I give up

April 2, 2009

I sometimes get frustrated with being left-handed. 

As I write, my hand drags across the fresh ink and smears the words. No matter how lucid or pithy what I’ve written is, the messiness bothers me. Anything worth writing should be clean and legible on the page. I’ve developed a complex—writing slower and slower and taking great care to keep my palm from dragging through my words. 

Despite my fastidiousness, my skin is always darkened with graphite or ink, half a word printed on my pinkie finger or the side of my hand because I was too engrossed—as I should have been—with capturing my thoughts to worry about something so trivial as the cleanliness of the page. I take pride in a well-written page, good penmanship, but I am left-handed so smudges and smears come with the territory. 

In other words, no matter how I careful I am, I still make mistakes. Gritting my teeth and trying harder, sticking with it for just a little longer because just maybe—trying to muscle my way through an uncomfortable situation, conversation, or friendship is exhausting. I become vulnerable to spiritual sickness. Ideal results dance in my head, and I start to believe that I am responsible for making them a reality. 

Perhaps letting go, walking away, giving up—perhaps surrender sometimes connotes the deepest faithfulness, especially if it involves the death of pride—“Father, I cannot do it by my own power”—and confession of my weakness and need of God’s guidance and protection.

I am often unable to take care of myself, and on a regular basis, I stumble into problems and messes that require more than I have to offer. 

Humility can be unbearable until we make a lifestyle out of it.

A dogged commitment to living apart from God can come disguised as perseverence in the interest of justice, reconciliation, or evangelism. We care more about “results” than we do about dwelling in God’s presence.

In what scorched places in your life do you need to throw up your hands and declare before your Maker, “I give up!”?

Confess that you want clean pages, but you’re left-handed.

No amount of effort makes us holy. Effort can kill us quicker than complacency.

The Sunflower Principle

March 30, 2009

My choice of a sunflower is arbitrary. As far as I know, all plants grow toward the light.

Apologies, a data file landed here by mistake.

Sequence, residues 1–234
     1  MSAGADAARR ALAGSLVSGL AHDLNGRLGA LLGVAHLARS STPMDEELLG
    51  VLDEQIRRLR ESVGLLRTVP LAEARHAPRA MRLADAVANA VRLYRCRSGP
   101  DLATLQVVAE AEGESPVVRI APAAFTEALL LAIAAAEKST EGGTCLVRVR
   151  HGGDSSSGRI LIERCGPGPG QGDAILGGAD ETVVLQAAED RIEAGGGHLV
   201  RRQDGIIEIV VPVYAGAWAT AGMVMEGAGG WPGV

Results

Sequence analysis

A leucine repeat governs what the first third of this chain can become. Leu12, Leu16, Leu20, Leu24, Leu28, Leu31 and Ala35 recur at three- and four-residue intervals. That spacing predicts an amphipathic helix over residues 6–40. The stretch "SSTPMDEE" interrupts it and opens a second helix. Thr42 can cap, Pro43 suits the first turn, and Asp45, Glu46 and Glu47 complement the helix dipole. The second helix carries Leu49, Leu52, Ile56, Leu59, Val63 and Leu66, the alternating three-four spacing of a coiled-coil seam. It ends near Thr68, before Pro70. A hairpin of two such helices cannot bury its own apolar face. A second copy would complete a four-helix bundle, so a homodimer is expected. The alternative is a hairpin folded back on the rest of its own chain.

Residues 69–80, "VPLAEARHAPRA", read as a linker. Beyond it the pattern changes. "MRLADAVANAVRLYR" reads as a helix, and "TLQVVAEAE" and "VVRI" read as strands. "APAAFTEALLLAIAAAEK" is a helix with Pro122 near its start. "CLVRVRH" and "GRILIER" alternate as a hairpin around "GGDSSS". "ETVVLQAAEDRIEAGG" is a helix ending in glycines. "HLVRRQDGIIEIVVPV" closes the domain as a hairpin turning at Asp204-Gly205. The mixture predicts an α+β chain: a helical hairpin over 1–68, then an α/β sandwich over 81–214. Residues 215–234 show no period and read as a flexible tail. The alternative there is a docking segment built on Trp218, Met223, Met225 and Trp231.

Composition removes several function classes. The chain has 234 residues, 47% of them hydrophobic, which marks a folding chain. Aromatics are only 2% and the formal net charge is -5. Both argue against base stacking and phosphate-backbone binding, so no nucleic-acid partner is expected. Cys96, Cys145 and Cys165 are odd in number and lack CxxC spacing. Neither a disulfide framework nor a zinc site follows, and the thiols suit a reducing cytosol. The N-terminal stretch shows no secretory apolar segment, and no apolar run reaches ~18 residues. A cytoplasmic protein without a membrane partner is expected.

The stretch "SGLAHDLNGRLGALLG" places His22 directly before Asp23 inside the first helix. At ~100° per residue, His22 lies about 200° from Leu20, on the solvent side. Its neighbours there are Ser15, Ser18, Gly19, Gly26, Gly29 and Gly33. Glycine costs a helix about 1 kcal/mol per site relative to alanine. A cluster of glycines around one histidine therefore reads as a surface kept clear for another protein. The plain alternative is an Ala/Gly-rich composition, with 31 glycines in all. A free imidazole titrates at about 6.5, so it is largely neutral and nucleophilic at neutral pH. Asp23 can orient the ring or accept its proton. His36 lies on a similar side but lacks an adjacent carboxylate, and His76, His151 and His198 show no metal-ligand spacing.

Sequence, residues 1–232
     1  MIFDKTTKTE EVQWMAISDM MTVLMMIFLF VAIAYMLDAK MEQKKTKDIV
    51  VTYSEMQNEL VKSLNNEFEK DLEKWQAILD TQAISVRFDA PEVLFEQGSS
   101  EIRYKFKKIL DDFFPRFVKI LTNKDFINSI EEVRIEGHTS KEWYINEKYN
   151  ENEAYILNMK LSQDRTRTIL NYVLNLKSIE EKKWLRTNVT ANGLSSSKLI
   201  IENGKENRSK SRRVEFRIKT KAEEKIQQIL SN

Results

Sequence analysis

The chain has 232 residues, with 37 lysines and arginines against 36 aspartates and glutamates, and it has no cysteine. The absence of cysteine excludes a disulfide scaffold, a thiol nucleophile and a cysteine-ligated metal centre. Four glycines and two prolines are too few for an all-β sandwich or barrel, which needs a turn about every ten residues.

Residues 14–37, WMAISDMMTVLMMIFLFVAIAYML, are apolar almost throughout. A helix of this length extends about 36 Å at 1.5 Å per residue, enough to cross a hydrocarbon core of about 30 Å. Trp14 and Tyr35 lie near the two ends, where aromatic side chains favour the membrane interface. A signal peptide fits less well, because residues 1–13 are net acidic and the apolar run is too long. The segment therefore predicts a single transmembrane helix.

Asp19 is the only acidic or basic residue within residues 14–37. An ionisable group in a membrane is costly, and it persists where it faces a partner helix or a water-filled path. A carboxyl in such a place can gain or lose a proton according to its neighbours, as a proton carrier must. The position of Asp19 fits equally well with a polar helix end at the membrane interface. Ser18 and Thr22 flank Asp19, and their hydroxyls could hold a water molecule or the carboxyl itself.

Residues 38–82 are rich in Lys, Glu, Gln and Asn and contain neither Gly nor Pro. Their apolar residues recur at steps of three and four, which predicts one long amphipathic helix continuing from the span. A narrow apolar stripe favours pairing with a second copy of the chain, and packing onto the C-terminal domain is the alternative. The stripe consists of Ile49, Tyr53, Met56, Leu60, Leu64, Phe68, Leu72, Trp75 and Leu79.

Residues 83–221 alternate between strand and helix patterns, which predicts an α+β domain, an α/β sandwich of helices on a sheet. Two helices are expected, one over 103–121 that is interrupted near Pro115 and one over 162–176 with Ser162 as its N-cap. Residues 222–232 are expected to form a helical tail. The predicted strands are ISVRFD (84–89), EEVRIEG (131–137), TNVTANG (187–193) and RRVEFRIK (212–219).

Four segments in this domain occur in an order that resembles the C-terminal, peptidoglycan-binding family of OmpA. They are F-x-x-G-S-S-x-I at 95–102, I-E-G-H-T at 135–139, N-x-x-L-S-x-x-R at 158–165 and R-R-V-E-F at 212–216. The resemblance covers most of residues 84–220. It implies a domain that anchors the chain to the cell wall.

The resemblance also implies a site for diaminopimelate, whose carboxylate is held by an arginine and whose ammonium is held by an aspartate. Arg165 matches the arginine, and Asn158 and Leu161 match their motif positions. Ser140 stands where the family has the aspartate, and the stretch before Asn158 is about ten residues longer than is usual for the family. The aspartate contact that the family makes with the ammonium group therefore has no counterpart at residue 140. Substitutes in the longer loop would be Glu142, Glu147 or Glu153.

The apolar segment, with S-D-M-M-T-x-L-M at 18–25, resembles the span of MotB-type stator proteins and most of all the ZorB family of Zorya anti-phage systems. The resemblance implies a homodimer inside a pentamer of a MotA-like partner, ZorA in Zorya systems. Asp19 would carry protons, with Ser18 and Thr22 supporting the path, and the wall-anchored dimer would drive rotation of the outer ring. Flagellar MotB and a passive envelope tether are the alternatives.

People are no different.

Take a pretty girl, tell her over the course of her life how pretty she is, and she will grow in the direction of the attention she receives for her physical beauty. She will know how to dress, how to tan, pluck and preen, how to position herself to receive the most direct light. Her view of herself and her posture in relation to other people will reflect the validation that she receives.

Take a boy, a natural athlete, and give him slaps on the back, trophies, and encouragement. His identity will be wrapped up in his physical prowess. He will position himself to receive more validation, more attention. 

Our behavior is no mystery. We all want attention, so we grow toward the light. A fine ear for music, precocious acting ability, an attractive sense of humor, brains—we follow natural relief to praise.

How many beautiful men and women do you know who have remarkable integrity or character? Be honest.

Has anyone else noticed The Sunflower Principle?

I am a recovering cynic, so I may very well be wrong.

How many exceptional athletes do you know who take really good care of the people in their lives?

I know I’m making a generalization, but I have noticed trends.

Why do you think really pretty women and really handsome men are so rarely unselfish, compassionate people? Why are so many professional athletes unsuitable as role models?

Please respond with a comment. I’d like to know your thoughts.

courage

March 27, 2009

Courage.

Whenever I hear the word, I think of orange sherbert with an oily sheen in a metal tin. I think I carried this image away from The Wizard of Oz. The Cowardly Lion joins the journey to the Wizard to ask for some courage.

Boldness. Audacity. Cojones.

Isn’t that a great compliment to give and receive? “He’s gutsy.” We love to share the stories of moments when we shored up against evil or injustice or fear. Standing in the void.

I’ve heard courage described as the rarest, and therefore the most precious, of virtues. That makes sense to me. 

How many people do I know whom I would call courageous? What does that look like?

Courage changes with the person. We all have our own fears. The people whom I most respect are the ones who push into their fears, their wounds, and their insecurities.

Sit down and don’t move until you’ve written down ten of your fears. Or ask yourself what conversations you don’t want to have? Think about that person whom you need to call. Just the thought is enough to make you sick at your stomach.

Ask that girl out. Break up with that boyfriend. Move to a new city. Quit your job. Sing on a stage in front of people. Tell your friends that you love them. Write letters asking for forgiveness. Throw away pictures. Buy a motorcycle. Get your hair chopped off. Get a tattoo. Take guitar lessons. 

I am tired of being paralyzed by fear, hedged in, pushed down to my knees by the odds of failure or embarrassment. 

Courage. I want it. To admit that I was really angry or clinically depressed. To confess that I am in need, that I am lonely, that I am sick of being sick. Buy that trendy hat and wear it ragged. Be ruthless in your authenticity.